Even a low level of cigarette smoke has been linked to a higher risk of respiratory problems, pulmonary disease and lung cancer — as has exposure to second-hand tobacco smoke. Thus, the idea that marijuana smoke may also be harmful is reasonable. Marijuana contains many of the same chemicals as tobacco smoke.
Researchers led by Mark Pletcher at UC San Francisco studied 5,115 men and women in four U.S. cities regarding their current and lifetime exposure to tobacco smoke and marijuana smoke and their lung function. The exposure to marijuana smoke was expressed by joint years, with smoking 365 joints or filled pipe bowls being equal to one “joint year.”
The study showed that lung function declined with increased exposure to tobacco smoke. However, that same pattern was not seen with marijuana smoke. There was no evidence of lung function damage with seven joint years (or smoking one joint a day for seven years.) After 10 years, there was some decline in lung function as measured by the speed at which a person can blow out air.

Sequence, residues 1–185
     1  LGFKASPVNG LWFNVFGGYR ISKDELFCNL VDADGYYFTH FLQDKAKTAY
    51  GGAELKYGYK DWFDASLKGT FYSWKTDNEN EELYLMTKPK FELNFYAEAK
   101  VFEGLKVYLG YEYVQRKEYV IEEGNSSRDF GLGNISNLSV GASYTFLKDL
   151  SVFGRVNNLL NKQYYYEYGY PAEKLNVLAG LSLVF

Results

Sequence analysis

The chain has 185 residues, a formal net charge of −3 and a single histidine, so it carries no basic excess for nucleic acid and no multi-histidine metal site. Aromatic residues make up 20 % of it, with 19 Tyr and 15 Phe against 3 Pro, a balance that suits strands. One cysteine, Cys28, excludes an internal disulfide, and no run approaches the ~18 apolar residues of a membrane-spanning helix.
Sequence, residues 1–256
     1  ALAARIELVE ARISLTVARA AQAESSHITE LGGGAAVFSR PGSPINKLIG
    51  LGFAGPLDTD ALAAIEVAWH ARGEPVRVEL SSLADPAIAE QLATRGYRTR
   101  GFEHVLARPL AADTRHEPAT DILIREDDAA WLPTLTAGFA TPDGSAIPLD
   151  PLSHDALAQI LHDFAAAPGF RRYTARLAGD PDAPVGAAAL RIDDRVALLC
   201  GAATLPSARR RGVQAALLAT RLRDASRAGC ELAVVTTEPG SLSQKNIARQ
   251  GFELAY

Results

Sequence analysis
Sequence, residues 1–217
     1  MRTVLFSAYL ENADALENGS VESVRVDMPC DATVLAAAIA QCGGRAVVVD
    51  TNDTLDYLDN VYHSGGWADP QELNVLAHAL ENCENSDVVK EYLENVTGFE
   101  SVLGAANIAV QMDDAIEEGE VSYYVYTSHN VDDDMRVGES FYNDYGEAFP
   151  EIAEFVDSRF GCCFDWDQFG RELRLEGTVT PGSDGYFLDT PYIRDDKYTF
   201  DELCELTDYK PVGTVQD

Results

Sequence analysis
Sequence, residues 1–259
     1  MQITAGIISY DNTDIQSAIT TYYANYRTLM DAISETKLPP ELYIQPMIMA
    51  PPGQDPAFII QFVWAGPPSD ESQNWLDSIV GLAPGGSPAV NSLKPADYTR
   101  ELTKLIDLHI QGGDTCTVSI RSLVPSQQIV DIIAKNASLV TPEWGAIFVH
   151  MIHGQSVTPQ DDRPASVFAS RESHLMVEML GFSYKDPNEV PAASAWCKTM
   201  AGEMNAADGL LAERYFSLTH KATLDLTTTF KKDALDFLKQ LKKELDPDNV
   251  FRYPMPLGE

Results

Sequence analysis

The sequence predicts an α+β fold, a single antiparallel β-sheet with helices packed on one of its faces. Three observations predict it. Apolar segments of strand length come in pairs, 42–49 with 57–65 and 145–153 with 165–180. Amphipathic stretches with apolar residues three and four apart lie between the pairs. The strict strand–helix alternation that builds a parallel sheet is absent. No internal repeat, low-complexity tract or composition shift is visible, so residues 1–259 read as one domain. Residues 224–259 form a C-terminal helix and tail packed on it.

The study should reassure people that medical uses of marijuana, such as for pain control, will not be offset by lung damage, the authors pointed out. But, they said, the study did not evaluate the effects of heavy marijuana smoking on the lungs.
“Our findings suggest that occasional use of marijuana for [medical] purposes may not be associated with adverse consequences on pulmonary function,” Pletcher said in a news release. “On the other hand, our findings do suggest an accelerated decline in pulmonary function with heavier use — either very frequent use or frequent use over many years — and a resulting need for caution and moderation when marijuana use is considered.”